Connecting places and people: Which policies for better integration of cities and urban regions?

Plenary Session


24 May


11:00 to 12:30


Hall 1, Level +1


Private motorised transport delivers tremendous value to users but has an insatiable demand for space. Most big cities and their surrounding regions also depend on mass transit systems to get people to where they need to be. The quality of mass transit services is critical: overcrowded, slow and unreliable services force people into cars and motorcycles on already congested roads or deny access to opportunities entirely. Poor, congested transport systems constrain productivity and have a severe impact on the wellbeing of commuters.

This plenary will examine the transformation of urban mobility policies and the shifting focus from throughput of vehicles to delivery of access. Panellists will discuss the investments needed for urban regions to prosper and the regulatory initiatives needed for efficient shared mobility and more integrated transport and land-use planning.

Despite the difficulties of establishing on-demand shared mobility, there are now promising pilots in European and US cities licenced by metropolitan transport authorities to complement transit services and larger scale operations in cities in South East Asia. Experience here and in Mexico has demonstrated that in cities dependent on informal mass transit, demand-responsive shared mobility services have great potential because of the increase in service quality at reasonable cost that they deliver. Regulatory obstacles have been formidable for all of these services and a permissive regulatory approach is advisable given the potential of these services to substitute for solo car and motorcycle traffic.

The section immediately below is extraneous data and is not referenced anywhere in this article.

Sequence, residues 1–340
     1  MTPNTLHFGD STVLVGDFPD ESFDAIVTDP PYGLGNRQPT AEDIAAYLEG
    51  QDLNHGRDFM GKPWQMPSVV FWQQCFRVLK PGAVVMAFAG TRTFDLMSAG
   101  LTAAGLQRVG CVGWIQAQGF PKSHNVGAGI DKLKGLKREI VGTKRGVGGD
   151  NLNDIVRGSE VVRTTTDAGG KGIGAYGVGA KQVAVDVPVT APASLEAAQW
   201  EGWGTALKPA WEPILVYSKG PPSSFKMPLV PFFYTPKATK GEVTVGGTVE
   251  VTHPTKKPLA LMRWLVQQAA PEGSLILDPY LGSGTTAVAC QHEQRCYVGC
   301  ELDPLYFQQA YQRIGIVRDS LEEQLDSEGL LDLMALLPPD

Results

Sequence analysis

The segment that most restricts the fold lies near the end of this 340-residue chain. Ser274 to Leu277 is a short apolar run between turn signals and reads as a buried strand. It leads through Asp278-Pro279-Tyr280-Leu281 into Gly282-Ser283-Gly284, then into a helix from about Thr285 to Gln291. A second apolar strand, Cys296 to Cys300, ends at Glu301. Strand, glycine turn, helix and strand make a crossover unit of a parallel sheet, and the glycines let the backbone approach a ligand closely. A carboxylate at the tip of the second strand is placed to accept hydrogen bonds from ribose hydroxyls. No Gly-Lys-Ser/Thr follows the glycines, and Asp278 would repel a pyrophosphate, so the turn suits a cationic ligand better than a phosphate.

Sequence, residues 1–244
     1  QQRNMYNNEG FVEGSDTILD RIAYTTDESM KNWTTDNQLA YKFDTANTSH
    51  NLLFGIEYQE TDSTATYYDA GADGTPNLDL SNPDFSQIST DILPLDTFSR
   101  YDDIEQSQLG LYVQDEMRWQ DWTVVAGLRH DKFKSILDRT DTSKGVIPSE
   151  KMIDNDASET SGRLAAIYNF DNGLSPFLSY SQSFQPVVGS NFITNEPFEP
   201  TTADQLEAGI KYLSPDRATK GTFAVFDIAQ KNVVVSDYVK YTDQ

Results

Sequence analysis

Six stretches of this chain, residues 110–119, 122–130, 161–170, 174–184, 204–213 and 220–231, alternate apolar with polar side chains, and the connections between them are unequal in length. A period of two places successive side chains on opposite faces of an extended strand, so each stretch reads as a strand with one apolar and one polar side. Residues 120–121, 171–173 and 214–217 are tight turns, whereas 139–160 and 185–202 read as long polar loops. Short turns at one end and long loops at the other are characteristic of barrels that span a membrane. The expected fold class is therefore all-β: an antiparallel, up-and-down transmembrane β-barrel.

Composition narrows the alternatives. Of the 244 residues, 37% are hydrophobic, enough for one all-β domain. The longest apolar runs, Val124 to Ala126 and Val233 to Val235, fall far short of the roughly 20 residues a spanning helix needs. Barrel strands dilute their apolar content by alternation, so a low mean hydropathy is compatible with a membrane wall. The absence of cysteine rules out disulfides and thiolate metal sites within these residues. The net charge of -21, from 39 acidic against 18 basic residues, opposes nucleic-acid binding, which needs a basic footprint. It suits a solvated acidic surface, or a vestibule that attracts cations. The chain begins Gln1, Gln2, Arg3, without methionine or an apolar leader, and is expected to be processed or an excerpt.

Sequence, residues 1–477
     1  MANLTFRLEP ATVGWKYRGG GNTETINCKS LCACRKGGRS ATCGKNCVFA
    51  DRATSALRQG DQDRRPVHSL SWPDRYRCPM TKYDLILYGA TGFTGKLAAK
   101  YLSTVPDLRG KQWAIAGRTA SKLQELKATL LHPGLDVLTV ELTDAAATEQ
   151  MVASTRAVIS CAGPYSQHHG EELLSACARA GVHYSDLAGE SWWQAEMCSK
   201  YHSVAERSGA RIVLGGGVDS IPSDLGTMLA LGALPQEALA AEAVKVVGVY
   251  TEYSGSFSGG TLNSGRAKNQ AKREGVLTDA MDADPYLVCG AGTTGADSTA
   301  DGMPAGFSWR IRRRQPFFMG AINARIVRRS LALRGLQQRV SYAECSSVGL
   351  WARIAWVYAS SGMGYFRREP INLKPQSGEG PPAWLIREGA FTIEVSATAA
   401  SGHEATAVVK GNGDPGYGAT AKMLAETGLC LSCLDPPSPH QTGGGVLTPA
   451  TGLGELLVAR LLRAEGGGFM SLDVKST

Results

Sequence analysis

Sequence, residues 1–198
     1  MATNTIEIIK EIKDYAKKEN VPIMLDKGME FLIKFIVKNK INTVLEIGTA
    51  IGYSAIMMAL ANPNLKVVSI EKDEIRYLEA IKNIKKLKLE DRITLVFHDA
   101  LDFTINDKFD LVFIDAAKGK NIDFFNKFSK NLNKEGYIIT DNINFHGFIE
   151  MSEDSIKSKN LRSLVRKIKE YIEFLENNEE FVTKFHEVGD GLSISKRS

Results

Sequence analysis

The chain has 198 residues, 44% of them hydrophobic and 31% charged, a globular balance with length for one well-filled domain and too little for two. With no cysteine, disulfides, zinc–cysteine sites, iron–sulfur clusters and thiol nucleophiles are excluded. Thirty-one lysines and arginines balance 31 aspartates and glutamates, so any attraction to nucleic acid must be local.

Key facts:

  • Los Angeles has opened 100 miles of light rail since 1990, with four extensions under construction and many more planned.
  • China’s cities opened 2 000 kilometres of metro line in the last five years.
  • The Metro de Grand Paris will comprise 200 kilometres of automated regional metro, doubling the length of the capital’s metro lines by 2030 at a cost of EUR 38 billion.
  • London’s new Elizabeth Line regional railway, is expanding overall metro capacity in Britain’s capital by 10%. The Greater Manchester Area, the UK’s second conurbation, has the country’s most over-crowded commuter rail system, with only half of the trains between Liverpool, Manchester and Leeds arriving on schedule. 
  • Public transport carries 66% of weekday passenger trips in Mexico City. But only 5 million use the metro and 1 million Bus Rapid Transit, while informal microbuses carry 12 million passengers a day.  

Lead questions:

  • What are the elements ingredients for sustainable, cost-effective solutions to improving connectivity in cities and their surrounding regions? Can consensus be built on priorities across the region?
  • How can better spatial and physical accessibility contribute to social and economic inclusion?
  • Capital cities invest in metros, but what should be the focus for regional centres?
  • Funds for mass transit are scarce; can pooled shared mobility fill the gap?

Background reading:


Gloria Hutt Hesse

Minister of Transport and Telecommunications, Chile

Burkhard Jung

Lord Mayor

City of Leipzig

Keechoo Choi


Metropolitan Transport Commission, Republic of Korea

Seleta Reynolds

General Manager

Los Angeles Department of Transportation

Ali Aslan

TV host and journalist

Florent Menegaux


Michelin Group

Fredrick K. Schroeder


World Blind Union

Mohamed Mezghani

Secretary General

International Association of Public Transport (UITP)